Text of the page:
A typical and sadly misguided criticism of classical education, and really any education that is serious about civic knowledge, comes in the form of a question. Sarcastically, and with a superior air, the critic asks: “when are you ever going to need to know the date of that?” Whether that is the start of the Civil War, the fall of the Berlin Wall, or what have you, so long as you can look it up on Google, the argument goes, there is no need to know it for yourself. Rather, you just need to “think critically and creatively” without bothering yourself with meaningless trivia like words and dates and sequences of events.
But this is quite the pernicious error. Recently in class I asked students if they knew what the word “führer” meant, since we will be studying Churchill shortly and it is worthwhile to know about his German nemesis. The term führer really just means “leader” in German, which is all the more disturbing considering how often we speak of leaders and leadership today, rather than statesmen. The thing is, the students did not know the word, and it therefore did not call to mind the terrifying spectacle that was National Socialism in Germany, or the monster that led its ranks of activist youth. So, we took some time to understand the term, to know that to have a leader is to imply having a follower (though we hesitate to draw that conclusion in our own cases …). Knowing the word is more than trivia, just like knowing the dates of historical events is more than fodder for cocktail conversation.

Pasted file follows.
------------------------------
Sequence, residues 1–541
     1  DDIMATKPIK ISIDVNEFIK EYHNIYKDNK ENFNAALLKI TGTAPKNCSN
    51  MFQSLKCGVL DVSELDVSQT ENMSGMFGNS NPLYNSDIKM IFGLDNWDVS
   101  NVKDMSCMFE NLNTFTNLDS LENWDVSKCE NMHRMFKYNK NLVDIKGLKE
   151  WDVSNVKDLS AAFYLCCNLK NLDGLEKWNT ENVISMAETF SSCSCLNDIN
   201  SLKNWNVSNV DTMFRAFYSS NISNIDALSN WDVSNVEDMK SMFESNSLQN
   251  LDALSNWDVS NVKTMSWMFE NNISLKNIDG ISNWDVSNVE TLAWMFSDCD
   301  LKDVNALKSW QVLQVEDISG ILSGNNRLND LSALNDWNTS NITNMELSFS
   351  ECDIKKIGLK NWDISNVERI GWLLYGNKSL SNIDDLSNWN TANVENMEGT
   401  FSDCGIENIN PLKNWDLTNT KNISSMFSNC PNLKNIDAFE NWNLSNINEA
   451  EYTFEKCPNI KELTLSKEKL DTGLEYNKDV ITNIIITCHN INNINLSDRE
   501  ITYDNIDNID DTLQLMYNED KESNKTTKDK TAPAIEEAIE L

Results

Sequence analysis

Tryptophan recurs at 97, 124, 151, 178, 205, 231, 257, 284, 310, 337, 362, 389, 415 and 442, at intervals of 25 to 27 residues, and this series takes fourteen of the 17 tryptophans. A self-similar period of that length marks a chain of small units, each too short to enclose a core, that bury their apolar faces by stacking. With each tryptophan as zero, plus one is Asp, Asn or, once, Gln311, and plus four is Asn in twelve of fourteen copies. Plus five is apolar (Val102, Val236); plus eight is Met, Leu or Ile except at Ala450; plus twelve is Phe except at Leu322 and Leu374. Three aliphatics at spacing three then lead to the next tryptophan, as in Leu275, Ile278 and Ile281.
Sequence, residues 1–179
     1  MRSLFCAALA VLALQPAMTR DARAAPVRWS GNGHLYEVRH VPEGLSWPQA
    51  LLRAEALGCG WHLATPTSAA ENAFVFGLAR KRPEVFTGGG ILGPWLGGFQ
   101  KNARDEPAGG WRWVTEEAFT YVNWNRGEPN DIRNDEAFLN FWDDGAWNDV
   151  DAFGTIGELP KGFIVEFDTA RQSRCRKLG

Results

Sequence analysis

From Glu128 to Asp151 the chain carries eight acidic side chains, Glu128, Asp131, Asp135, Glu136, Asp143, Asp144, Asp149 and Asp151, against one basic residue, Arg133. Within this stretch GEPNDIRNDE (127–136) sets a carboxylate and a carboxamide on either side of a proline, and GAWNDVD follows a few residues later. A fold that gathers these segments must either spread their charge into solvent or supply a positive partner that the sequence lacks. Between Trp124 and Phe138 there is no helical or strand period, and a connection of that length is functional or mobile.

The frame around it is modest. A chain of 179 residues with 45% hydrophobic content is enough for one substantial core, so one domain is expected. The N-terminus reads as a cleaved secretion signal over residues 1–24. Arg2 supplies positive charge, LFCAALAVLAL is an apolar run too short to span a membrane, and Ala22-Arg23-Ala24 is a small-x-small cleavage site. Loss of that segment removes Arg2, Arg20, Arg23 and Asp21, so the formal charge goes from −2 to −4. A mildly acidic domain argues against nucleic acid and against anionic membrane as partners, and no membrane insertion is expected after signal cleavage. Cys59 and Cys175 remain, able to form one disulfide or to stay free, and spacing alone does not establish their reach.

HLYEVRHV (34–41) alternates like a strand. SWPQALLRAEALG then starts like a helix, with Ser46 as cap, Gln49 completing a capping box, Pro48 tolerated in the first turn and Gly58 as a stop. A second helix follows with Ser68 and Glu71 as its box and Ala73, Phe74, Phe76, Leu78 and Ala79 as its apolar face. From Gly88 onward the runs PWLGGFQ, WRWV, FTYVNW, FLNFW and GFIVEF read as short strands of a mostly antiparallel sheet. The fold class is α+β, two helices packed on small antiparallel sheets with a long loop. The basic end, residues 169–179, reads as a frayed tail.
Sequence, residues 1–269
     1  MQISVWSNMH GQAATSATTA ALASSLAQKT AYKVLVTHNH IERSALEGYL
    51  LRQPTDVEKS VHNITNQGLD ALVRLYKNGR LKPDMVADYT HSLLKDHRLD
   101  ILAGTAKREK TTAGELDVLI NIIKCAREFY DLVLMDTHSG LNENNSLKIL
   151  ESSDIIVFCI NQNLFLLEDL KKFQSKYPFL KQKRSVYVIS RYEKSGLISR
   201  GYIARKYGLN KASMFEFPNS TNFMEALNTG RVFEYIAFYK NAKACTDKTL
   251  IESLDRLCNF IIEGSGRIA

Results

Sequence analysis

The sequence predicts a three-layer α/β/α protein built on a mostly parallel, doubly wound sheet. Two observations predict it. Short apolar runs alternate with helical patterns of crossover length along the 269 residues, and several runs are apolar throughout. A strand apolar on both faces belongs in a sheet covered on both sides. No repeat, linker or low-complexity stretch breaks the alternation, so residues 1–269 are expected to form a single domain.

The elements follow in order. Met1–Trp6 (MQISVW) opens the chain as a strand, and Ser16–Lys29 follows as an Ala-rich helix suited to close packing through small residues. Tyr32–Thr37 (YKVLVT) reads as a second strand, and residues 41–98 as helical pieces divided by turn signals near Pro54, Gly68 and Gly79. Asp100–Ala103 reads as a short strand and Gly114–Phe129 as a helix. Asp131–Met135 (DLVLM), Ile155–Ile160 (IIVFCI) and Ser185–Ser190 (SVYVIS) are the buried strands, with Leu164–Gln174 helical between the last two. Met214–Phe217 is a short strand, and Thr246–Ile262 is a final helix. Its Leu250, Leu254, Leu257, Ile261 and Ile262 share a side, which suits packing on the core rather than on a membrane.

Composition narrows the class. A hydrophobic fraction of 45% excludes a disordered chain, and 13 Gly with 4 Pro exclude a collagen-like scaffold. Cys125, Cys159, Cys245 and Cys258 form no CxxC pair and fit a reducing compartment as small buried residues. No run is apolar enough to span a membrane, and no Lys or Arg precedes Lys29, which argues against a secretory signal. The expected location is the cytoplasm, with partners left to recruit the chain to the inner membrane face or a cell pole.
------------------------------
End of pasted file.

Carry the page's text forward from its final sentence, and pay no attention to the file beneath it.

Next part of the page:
The problem with the “look-it-up-later” view of teaching history is that without a good amount of knowledge to begin with we don’t know where to look and what to look for. Conversations of grave importance to our national and civic health pass us by and we are reduced to the only thing we do know, which is our feelings. We don’t know which sources are on the mark, off the mark, or close. Is the radio program you just listened to biased? If so, from what perspective? Is the bias a legitimate one with everything explicit, or is it underhanded and deceptive? Is a Supreme Court decision that just came out in harmony with the Constitution? If not, why not? We don’t know how to judge the relevance of such information without a store of knowledge against which to test it. We therefore can’t really increase what we know and can’t improve how we act.
Teaching civics means more than stoking feelings to promote activism and advocacy, which is all too common today. It means propagating our culture through a robust understanding of the men, women, and events that made our world what it is, and therefore who have made us who we are. That, after all, is not something you can just look up.
Dr. Garrow, Principal, Golden View Classical Academy